To my readers, if someone asked you if you work for the CIA, knowing you do not, wouldn't you just say no. Why dance around the question, especially one of that nature, if you have nothing to hide. 

Side Bar: Ironically the FBI and CIA, among others in government, read this website, according to site stats, so that question wasn't for you! 

Stanford was not building wealth, he was destroying it, via stealing investors' money in a ponzi scheme. People's hard earn cash, gone, evaporated, up in smoke, so this man could pretend he is something he is not and the government indulged this fantasy for years, when they should have locked him up.

His story, in terms of the grandiose manner he lived and allegedly worked, reminds me of Centrust banker, David Paul, who had gold sinks in his office bathrooms.

Today, the soaring office building he once owned and occupied in downtown Miami now belongs to others, as he was imprisoned on a series of financial crimes.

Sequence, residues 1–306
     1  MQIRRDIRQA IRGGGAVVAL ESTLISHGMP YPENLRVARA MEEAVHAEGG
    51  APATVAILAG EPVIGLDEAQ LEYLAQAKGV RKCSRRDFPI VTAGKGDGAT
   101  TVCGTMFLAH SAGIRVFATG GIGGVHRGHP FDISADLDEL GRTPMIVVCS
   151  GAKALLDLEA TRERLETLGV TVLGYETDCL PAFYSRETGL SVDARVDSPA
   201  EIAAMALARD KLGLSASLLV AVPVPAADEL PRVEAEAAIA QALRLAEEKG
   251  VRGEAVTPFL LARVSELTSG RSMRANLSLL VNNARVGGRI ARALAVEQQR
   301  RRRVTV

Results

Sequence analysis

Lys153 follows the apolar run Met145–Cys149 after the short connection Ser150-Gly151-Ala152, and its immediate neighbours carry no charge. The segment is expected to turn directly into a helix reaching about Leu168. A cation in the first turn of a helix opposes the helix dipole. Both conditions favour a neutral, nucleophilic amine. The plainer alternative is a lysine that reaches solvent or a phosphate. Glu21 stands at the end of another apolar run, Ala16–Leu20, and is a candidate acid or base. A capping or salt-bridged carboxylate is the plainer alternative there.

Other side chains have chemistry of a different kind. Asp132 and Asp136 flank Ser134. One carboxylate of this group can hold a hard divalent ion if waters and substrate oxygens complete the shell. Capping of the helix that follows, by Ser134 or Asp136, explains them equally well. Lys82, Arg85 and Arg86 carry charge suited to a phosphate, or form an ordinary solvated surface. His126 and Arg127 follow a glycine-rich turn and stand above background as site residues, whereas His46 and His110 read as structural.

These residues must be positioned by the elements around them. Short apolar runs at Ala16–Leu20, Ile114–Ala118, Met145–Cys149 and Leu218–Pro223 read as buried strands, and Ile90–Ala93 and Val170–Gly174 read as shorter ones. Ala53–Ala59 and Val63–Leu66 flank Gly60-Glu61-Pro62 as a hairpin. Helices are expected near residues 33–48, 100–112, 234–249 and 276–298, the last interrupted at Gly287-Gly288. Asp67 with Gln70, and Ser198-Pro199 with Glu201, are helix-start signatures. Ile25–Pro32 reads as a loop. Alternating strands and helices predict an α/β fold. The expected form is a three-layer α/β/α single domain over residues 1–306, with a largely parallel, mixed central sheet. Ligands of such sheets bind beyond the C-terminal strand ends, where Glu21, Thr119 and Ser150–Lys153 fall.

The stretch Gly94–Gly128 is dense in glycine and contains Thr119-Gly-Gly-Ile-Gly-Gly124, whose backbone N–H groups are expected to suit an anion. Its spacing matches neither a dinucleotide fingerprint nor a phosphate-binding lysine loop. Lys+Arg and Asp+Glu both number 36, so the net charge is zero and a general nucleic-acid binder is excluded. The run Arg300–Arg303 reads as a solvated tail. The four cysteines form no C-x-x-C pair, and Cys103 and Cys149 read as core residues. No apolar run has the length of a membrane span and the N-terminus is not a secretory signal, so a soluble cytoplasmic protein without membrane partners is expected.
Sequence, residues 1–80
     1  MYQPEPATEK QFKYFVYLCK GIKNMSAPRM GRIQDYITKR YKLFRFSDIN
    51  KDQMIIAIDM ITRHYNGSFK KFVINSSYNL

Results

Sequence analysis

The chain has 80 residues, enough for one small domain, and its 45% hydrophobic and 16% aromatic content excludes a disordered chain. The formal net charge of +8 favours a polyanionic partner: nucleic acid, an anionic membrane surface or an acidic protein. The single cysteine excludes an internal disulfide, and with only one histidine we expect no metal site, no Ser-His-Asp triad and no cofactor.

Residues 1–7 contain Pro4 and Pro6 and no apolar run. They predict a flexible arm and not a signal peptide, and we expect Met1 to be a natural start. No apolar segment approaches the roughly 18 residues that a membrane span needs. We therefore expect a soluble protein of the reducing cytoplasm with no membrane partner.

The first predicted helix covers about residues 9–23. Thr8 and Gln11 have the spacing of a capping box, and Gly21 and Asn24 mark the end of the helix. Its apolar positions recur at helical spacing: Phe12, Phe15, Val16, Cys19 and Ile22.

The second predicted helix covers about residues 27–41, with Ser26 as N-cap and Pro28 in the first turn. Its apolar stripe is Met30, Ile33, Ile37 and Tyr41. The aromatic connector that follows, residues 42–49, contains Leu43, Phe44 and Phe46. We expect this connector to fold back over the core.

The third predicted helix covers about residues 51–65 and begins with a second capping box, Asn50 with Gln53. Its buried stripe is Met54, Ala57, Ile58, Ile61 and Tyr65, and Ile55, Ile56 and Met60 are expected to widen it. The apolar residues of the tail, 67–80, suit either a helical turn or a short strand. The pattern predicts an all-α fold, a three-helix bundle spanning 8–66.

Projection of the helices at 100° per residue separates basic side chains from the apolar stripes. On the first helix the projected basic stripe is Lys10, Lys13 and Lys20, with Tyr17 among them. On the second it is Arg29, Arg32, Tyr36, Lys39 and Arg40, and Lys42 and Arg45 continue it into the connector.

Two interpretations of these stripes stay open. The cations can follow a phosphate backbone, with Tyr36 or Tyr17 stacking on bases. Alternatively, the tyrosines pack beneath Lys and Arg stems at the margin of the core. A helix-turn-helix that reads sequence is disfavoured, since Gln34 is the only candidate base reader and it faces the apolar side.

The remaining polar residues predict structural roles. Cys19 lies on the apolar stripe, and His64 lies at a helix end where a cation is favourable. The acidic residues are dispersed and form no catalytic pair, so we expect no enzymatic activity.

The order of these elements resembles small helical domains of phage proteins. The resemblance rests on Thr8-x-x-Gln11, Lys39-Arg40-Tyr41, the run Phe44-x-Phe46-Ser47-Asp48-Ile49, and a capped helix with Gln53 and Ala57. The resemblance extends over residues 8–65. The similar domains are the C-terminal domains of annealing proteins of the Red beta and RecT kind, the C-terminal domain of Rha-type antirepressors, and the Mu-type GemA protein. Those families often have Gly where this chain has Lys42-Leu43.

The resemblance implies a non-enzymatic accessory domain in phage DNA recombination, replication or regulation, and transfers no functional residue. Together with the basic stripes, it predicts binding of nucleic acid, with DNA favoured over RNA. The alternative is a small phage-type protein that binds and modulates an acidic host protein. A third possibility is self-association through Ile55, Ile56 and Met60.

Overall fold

His trial was open to the public and being interested in law, I had the opportunity to catch a half an hour of it when I was a teenager. Here was this man, a millionaire, facing the fall of an empire, built on misdeeds. It can happen to anyone who takes that route and it is one worth avoiding.

Stanford's offices were similarly outfitted with the finest luxury items, plush furnishings and expensive materials, such as marble and mahogany, bought with money from investors he fleeced, many, out of their lifesavings. Much like David Paul, the government has now seized his empire as well.

Corporate America is sorely lacking in governance. The authorities in this realm of commerce, need to do more to ensure history does not keep repeating itself in this manner and at the taxpaying public's expense.